"Doggy Bank" (Season 1) Review

"Doggy Bank" (Season 1) Review

Rating: 3.5/5

By: Nathaniel Simpson

    "Doggy Bank", which is the new show from Warner Media 150, which is written and directed by Thales Corrêa, who also stars as the main character Rubian, is now on Amazon Prime. I was contacted by Corrêa's production company to review this groundbreaking new show, as it is the first Brazilian comedy in English to debut in the U.S. The first season, which is only six episodes long, is honestly wacky, hilarious at times, and tons of fun. Not only does it provide the whimsical and dark comedy aspects you would expect from a show like this, but there are also moments of real connection and human growth, which is largely evident from Rubian's interactions with the eccentric, and straight up odd, billionaire, Borba (Anthony Moore). 

    Rubian lives in Bakersfield, CA (which is funny as I actually was born and raised in Bakersfield), and is down on his luck. He has to result to being a driver for apps like Uber, and is constantly berated and put down by his customers. But, when he gets a call that his sister is in fatal condition from a deadly disease, he is forced to drop everything and go see her, as she is residing at her new fiancee's house. That is when we meet Borba. 

    Borba is this odd, slightly terrifying at first billionaire who is taking care of Rubian's sister in her time of need. Yet, when Rubian's sister unexpectedly faints and dies, Borba and Rubian are forced to quarantine together, which sparks an unlikely friendship between the two. When Rubian finds out his quarantine counterpart is planning on leaving his huge fortune to his dog, which is actually named Borba as well, Rubian must face the personal dilemma to choose whether Borba was his friend, or if he was just in this for the money the entire time. 

    The episodes, which come in at runtimes under twenty minutes, move by very quickly and keep the viewer engaged throughout the entire season. Corrêa is able to tell this full fledged story in no time at all, which is nice as he doesn't have to rely on smaller subplots to really move the story forward. He takes the source material and really delivers on this show by making it so easy and accessible. There are numerous other dark humor shows like this one that require the viewer to have extensive knowledge of previous events in history or social awareness of the world today, which fails at times. This one, however, just wants the viewer to understand stoner humor and how it simply works for a show like this.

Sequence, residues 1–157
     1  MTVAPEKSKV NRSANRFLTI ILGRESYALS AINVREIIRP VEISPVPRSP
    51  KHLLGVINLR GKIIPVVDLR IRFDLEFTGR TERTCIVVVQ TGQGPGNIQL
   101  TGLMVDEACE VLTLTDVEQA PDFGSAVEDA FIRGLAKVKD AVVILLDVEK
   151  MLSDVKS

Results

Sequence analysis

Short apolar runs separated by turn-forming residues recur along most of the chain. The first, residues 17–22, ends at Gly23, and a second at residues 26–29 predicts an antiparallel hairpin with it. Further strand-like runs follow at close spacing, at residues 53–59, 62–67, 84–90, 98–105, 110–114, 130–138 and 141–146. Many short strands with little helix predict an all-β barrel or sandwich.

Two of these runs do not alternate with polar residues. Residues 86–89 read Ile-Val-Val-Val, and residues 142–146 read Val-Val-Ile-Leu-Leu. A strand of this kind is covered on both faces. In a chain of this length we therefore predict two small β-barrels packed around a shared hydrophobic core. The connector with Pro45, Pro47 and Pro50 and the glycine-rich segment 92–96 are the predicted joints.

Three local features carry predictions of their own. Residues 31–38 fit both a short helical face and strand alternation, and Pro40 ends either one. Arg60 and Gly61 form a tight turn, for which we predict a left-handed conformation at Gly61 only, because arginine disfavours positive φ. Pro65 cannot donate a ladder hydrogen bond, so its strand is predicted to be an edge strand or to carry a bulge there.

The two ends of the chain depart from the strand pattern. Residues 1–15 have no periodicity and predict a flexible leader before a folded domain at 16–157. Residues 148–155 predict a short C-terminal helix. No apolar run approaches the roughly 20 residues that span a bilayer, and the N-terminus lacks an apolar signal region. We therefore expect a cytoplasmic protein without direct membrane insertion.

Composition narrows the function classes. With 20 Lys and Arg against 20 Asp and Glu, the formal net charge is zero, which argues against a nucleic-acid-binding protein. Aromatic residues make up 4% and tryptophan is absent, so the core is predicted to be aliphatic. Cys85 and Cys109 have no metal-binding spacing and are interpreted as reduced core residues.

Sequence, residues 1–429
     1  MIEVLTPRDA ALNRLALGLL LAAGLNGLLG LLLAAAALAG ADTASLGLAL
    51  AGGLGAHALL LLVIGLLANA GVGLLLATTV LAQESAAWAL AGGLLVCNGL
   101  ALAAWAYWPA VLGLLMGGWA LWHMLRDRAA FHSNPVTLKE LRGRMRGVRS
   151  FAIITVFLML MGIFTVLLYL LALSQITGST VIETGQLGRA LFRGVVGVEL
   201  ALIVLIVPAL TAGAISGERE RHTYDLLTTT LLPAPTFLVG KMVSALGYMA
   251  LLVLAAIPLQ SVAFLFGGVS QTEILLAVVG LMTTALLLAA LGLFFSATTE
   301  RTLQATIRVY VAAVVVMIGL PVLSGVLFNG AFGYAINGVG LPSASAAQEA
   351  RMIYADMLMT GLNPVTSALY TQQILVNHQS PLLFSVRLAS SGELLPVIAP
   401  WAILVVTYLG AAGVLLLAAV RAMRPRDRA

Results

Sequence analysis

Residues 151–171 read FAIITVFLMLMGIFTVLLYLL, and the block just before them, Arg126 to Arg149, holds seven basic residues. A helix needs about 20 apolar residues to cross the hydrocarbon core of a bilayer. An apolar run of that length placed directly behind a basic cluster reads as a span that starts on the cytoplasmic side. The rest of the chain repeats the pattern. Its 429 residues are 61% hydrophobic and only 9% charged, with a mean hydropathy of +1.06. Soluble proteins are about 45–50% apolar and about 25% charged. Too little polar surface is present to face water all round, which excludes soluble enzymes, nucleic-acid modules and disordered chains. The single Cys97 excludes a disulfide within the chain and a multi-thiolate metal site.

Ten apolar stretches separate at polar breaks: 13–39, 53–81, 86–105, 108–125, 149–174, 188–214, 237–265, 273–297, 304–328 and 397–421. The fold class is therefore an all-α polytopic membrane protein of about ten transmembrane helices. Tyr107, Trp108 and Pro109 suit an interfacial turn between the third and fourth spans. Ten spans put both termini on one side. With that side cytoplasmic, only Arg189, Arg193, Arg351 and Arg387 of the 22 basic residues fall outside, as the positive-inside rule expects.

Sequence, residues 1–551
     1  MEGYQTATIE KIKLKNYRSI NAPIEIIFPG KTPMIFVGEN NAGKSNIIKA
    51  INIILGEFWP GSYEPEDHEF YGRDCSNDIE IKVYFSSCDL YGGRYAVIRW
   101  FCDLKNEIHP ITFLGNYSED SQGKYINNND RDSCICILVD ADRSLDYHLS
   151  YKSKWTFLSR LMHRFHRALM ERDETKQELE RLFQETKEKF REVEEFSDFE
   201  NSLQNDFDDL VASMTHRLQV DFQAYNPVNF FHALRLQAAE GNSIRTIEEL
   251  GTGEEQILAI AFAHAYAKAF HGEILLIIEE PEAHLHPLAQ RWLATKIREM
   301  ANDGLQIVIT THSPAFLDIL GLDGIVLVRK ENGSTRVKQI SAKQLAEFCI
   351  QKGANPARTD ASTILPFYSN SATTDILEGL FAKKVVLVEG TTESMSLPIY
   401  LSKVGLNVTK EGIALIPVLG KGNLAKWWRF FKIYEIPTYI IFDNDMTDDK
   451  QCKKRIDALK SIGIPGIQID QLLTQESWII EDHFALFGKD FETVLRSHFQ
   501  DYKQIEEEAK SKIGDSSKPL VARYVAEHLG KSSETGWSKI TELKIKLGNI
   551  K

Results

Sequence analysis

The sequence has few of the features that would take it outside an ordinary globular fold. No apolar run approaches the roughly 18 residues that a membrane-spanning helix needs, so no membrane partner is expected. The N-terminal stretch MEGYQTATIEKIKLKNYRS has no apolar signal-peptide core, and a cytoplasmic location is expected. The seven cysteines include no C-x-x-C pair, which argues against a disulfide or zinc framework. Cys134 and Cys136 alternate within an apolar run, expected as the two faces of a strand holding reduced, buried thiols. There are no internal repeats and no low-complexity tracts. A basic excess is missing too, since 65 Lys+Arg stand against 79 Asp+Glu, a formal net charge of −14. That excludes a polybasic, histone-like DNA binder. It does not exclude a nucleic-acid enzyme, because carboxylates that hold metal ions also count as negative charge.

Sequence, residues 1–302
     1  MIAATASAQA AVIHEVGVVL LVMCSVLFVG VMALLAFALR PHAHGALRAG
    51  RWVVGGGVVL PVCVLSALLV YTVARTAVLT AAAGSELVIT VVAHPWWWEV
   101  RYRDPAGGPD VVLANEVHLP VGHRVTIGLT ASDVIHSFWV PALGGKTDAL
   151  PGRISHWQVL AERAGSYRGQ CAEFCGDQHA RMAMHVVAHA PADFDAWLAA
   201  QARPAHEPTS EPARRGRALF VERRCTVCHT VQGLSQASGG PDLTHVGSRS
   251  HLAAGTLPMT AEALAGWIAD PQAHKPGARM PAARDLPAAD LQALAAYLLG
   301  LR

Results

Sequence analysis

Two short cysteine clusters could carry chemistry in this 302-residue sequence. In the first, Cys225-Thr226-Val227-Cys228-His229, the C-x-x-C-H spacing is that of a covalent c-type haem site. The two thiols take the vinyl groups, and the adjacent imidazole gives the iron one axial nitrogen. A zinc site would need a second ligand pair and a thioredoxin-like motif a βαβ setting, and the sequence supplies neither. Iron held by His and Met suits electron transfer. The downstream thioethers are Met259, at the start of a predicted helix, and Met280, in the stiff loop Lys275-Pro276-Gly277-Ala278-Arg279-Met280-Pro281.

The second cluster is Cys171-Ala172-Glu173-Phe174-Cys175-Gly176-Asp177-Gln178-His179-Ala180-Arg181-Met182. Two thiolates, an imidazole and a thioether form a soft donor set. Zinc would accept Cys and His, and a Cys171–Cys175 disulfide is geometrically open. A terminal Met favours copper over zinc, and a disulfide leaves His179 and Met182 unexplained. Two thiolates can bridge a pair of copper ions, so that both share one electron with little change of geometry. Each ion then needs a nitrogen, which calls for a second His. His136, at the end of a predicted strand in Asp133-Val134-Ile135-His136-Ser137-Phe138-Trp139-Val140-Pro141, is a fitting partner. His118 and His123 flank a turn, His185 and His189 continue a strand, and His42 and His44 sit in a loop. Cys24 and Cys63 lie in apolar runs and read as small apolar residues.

I think Corrêa does a decent job for the most part in the lead role, but it is really Moore who stands out here. He not only plays Borba, but also Rubian's stoner friend, Jer. Both of these characters are hilarious throughout the show, and they both really steal the show in every scene they are in. While I do think Jer is a good character, it is really Borba who is the star here. He is unexpectedly funny, crude, and weirder than all get out. But, there is something so lovable and real about his character on the inside. He laments some of the show's most important lines, concerning how he should have spent more time with his loved ones and how money is really no object to him. This is then followed by him calling Rubian a "bitch", which is simply hilarious in its delivery. I also want to give a shout out to Sanjay Nambiar, who plays the doctor throughout the series. He may have few scenes, but he is hilarious every time. 

    I also really enjoyed the cinematography here as Corrêa is experimenting with different shot angles and color grading. Consider the moment in the final episode where Borba the dog is heading out to a car. We are seeing the shot from the dog's POV, and I really enjoyed how Corrêa really thought outside the box and tried to make something new and unique. 

    Now, here is the problem with the short runtimes and the limited number of episodes. It seems like it flies by too fast, and we don't really get to stay in this story as long as we want. As soon as Corrêa sets something up, he is already ready to move on to the next event or plot line. It doesn't last long at all, and I really think that takes the viewer out of the show at times. At the same time, the final episode feels so rushed and doesn't really feel finished. It seems like he was just trying to wrap everything up, while also leaving a cliffhanger at the end to tease a second season. Perhaps an episode 7 would have fixed this issue and allowed Corrêa to dive deeper into this story. I also wish Corrêa perhaps possibly made the show a tad more emotional, as it feels like he is scared to lean more into the more somber issues because it will spoil the comedy of this show.

    However, despite some of the criticisms I had about the pacing and some of the tonal moments of this show, I really had a lot of fun with it. It was easy breezy and had me hooked from beginning to end. It doesn't take itself too seriously and doesn't try to hard to be something it is not; it is just a good show to put on and watch one afternoon for a fun story and good performances. I applaud Corrêa for crafting this show, as well as his team behind the entire production, and I think it is awesome we are getting more Brazilian projects in the mainstream. I highly recommend for you all to check this one out for yourself!

*You can find "Doggy Bank" on Amazon Prime Video.*